Starting in her childhood this idol began taking over her soul. Her name was Ashara. As Mary grew into her teen years, Ashara began making her presence felt to Mary. Still she told no one. She married Joel ben Ezekiel, who ultimately tried to help his suffering wife rid herself of its malignant influence. In desperation at being apparently barren, she begs Ashara to help her have a child. Soon after, she became pregnant and bore Joel a daughter, Elisheba. Throughout the rest of the story, Mary suffers at the taking of her daughter.
When Mary discovers even more demons are joining Ashara to torment her even more, Joel takes her to another town to see the Rabbi there. After taking a Nazarite vow, she lives for 30 long days with very little food and no human contact. At the end of that time, the Rabbi has her head shaved bald and attempts to exorcise the demons from her. It fails, so Mary is compelled to go into the desert to confront her demons.
It is before she leaves that Mary meets Simon and his brother Andrew. They rescue her from stoning and take her to the desert and promise to wait for her nearby, where John the Baptist is preaching. This is perhaps the most harrowing, frightening experience anyone could go through. Not only does Mary suffer from hunger and deep despair, but even more demons move in to torment her. George describes this experience with deep empathy and compassion. At its worst, Mary is confronted by supernatural locusts of the abyss. And goes head to head with Abaddon, Appollyon, the satanic angel who will lead the fight in the last battle. Rather than give in to his demands, Mary tries to kill herself by throwing herself off a cliff, but survives.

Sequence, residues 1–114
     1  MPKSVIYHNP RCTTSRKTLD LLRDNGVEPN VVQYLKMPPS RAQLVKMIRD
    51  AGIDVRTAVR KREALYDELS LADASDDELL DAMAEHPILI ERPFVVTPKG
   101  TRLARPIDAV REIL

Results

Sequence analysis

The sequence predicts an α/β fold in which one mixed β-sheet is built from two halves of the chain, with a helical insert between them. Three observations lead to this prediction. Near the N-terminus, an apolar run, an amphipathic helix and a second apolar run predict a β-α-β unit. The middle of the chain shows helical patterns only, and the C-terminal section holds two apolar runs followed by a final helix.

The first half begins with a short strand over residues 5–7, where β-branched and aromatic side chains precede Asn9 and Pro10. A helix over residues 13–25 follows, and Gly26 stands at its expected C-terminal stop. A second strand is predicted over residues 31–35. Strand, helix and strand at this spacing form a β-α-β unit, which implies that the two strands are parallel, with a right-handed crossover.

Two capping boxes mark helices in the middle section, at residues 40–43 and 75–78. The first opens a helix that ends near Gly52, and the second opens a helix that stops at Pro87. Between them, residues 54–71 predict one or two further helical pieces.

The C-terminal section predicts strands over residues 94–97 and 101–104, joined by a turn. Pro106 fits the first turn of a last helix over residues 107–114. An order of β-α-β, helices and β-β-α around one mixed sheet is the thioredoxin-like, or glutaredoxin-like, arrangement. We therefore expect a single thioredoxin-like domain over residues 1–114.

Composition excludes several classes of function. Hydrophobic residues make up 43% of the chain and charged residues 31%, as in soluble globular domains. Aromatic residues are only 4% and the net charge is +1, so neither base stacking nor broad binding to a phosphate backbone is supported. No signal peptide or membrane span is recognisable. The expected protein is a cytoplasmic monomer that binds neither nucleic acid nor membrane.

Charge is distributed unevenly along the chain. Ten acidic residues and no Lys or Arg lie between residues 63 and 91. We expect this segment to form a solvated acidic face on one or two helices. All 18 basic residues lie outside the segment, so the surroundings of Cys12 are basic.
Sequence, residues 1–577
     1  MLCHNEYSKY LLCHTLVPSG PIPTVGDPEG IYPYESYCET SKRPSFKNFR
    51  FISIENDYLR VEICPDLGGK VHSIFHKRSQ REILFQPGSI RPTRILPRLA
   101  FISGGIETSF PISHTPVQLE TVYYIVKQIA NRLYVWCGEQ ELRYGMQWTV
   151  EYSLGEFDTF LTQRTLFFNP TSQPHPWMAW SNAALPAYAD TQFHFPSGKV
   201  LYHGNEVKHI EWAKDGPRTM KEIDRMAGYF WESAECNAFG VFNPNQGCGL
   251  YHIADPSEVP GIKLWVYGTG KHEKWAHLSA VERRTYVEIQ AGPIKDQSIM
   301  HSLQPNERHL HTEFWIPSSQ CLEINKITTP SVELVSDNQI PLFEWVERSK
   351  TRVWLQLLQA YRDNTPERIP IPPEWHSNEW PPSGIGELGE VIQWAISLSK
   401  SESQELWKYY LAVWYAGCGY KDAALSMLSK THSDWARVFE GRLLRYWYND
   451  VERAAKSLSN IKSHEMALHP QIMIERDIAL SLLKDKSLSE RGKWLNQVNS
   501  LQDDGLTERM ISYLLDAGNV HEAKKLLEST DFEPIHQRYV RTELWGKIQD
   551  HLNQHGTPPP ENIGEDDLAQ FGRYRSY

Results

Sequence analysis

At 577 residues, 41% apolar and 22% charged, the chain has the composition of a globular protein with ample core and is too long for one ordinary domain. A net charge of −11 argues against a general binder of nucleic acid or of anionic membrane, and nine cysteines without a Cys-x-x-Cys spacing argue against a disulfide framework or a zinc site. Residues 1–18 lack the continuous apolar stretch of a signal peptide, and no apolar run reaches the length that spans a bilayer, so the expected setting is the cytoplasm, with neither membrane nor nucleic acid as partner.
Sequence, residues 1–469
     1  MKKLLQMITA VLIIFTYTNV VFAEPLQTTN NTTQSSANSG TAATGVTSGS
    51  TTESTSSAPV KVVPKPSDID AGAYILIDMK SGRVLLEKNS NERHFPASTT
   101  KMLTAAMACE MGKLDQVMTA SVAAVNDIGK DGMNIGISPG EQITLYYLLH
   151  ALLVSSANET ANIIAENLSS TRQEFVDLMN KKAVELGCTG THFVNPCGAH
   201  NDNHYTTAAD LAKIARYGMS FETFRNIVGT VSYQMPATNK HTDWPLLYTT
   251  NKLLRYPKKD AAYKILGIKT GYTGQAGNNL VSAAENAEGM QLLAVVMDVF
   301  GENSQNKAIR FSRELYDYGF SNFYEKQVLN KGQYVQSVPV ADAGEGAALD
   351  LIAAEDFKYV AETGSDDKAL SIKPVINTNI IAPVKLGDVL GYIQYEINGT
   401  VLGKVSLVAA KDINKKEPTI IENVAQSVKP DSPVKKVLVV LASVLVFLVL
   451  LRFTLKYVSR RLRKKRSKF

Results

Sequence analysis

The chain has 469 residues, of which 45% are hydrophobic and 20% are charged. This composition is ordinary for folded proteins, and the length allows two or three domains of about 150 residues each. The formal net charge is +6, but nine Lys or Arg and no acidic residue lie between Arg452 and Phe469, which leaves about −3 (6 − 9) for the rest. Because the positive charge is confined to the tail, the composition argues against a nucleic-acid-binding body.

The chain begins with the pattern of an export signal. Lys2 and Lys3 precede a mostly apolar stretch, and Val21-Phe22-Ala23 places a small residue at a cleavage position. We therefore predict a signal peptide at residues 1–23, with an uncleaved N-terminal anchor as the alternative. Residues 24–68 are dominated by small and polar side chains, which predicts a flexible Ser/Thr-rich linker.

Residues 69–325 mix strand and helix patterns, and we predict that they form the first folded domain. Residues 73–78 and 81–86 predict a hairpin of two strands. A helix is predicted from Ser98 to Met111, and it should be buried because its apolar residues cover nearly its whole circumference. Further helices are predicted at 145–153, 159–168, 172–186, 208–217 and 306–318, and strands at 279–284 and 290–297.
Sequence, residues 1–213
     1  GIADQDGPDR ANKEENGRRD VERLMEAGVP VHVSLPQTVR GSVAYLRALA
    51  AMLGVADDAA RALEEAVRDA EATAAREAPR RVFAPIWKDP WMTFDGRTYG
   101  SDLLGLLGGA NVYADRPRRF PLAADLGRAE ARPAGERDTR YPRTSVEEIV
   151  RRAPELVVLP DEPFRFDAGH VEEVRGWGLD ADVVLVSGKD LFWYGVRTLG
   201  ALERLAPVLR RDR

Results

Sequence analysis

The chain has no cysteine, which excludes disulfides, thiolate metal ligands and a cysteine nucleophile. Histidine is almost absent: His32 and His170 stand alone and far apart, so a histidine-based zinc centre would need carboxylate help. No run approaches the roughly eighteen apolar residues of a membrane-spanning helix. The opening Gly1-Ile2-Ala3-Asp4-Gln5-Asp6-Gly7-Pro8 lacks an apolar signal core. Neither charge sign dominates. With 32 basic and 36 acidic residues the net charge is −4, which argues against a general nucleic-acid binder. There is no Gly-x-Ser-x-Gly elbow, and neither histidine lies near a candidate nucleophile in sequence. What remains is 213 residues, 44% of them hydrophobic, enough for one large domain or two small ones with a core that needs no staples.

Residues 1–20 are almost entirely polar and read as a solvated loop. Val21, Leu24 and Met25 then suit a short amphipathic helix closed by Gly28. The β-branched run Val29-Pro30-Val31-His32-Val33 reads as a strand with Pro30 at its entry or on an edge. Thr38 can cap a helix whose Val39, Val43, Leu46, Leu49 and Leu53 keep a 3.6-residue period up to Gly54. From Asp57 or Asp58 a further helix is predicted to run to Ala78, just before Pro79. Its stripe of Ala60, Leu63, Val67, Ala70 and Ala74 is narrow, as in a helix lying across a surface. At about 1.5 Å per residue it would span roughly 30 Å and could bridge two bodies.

Literally at times crawling, she makes her way to Simon Peter, who is shocked by her condition and brings her to Jesus. Jesus, who delivers her and changes her life forever. The rest of this well written and researched book is deep, filled with all of the historical figures that swirled around the life of Jesus at that time. i've read this book 3 times, enjoying it more every time i go back to it.
I highly recommend this book for the way Margaret George treats the peoples of that time. It is a stunning work and well worth reading.
intent in the omission of such things. Overall, A satisfying read, and an honest glimpse into the tumultuous times and early church.
This is her story. While it is a fictional construct in large part, the author has skillfully woven a historical tapestry of people and events that draws the reader in. Relying upon what is known, while filling in the considerable gaps of what is not, the author kept me turning the pages, reading about this woman who lived through some pretty remarkable moments in history and became an iconic historical personage among the early Christians. If one is a fan of beautifully written, well-researched historical fiction, then one will enjoy this book.